Some of the displays that stood out for me included a Ketubah in Chinese from a couple who were able to escape from Germany and found their way to Shanghai to what at one time was the “Shanghai Ghetto”. Kelly told me there is a large representation of individuals in the Chicago area who came through Shanghai.
I was deeply moved by the room that depicts Kristallnacht. The glass floor, the broken glass pieces on the floor and the broken plate glass windows gave me a visceral sense of what I had read about and what I had heard about this night of “broken glass”.
The section devoted to the release of news that was taking place at the time was very powerful. Layered were actual newspapers, newspapers enlarged many times over filling the walls, and on TV what felt like live news emmanating from films that matched the time period of the newspapers. Another section displayed a map that depicted how quickly the Germans moved into Europe, colorful and graphic and frightening.
In each instance, people are the main focus. Parents, children, faces, clothing, staring eyes, a blanket brought across the world, all keeping the feeling real and alive rather than abstract. In one area there is a depression and you find yourself in a pit modeled after Baba Yar. One can enter a boxcar and think of how it felt to those who were hearded into it. In fact the boxcar was not in the original plan and when it was placed, the only area available was the "cleft" of the building and it turns out it can be seen from everywhere. There is so much more to experience.
I was interested in the library and enjoyed talking with librarian, Matthew Sackel. He had worked with the group of Holocaust survivors as they gathered their memoirs for the final push, publication in the volume, In Our
Voices. Because my friend, Fela Dogadko, was part of this group, I wanted to see the volume that had been promised when the museum opened last year. In fact, it has been published and two of her stories included and it is on sale in the gift shop.
Matthew worked with this group when the museum was located on Main Street in downtown Skokie and when the library was comprised of 1200 volumes. The collection has expanded to 15 thousand volumes in thirteen languages housed in the Lachman Reading Room in a 12- foot high stack area. The Miller Family Computer Lab contains 2100 Midwest testimonies from the USC Shoah Foundation (AKA Spielberg Archives). Available online are the Encyclopedia of Judaica, and the library's book collection catalogued in Library of Congress order.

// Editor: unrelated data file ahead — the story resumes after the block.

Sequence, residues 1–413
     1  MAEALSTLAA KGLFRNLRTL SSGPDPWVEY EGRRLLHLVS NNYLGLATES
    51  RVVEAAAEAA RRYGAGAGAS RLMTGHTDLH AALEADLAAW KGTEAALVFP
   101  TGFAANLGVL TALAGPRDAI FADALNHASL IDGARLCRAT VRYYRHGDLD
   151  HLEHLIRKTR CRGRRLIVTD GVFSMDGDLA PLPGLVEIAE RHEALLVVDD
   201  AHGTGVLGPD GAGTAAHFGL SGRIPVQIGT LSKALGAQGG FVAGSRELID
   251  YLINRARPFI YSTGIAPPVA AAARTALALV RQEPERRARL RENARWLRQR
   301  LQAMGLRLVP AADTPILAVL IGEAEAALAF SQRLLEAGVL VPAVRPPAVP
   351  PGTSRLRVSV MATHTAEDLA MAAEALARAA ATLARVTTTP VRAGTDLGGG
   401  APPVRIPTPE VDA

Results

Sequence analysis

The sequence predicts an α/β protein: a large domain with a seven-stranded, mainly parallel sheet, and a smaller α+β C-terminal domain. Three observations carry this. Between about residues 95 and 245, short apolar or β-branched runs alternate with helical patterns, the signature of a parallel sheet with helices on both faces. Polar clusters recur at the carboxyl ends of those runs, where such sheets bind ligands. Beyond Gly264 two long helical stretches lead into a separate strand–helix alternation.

He now manages 52 volunteers who assist him in cataloguing, shelving, processing, collating field trip material, developing computer spreadsheets, and much more including “teaching trunks”. These units include K-4, character education, 7-8, Holocaust, 9-12, Holocaust and 9-12, Genocide. These meet the highest standards for legislated curriculum. Nothing can be checked out but research can be done in the museum with a full collection of DVDs, VCR, printers, and email.
Matthew described the teaching trunks as one-stop classrooms in a trunk, which will be available in the fall on request throughout the Midwest, free of charge. This idea came from Noreen Brand, Director of Education. This is part of the museum’s mission to develop programs that honor and preserve the memory of those lost and to help everyone whom the museum touches realize they have an opportunity to make a positive difference in the world. He also organizes and coordinates the speakers’ bureau.
On April 19th the Illinois Holocaust Museum celebrated its first birthday and welcomed their 100,000th visitor with a certificate. The museum has been welcoming 200 to 300 hundred students a day and when tours can’t be arranged, groups just come for self-guided tours.
Before leaving, we visited the Hall of Remembrance, where 3.000 English, Yiddish and Hebrew first names fill the upper rounded wall. We then stopped for some coffee at the café to process the power and emotion of what we had seen. Visit, and you will be amazed at all there is to see, learn and experience.
Illinois Holocaust Museum
9603 Woods Drive
Skokie, IL 60077
Photos: Barbara Keer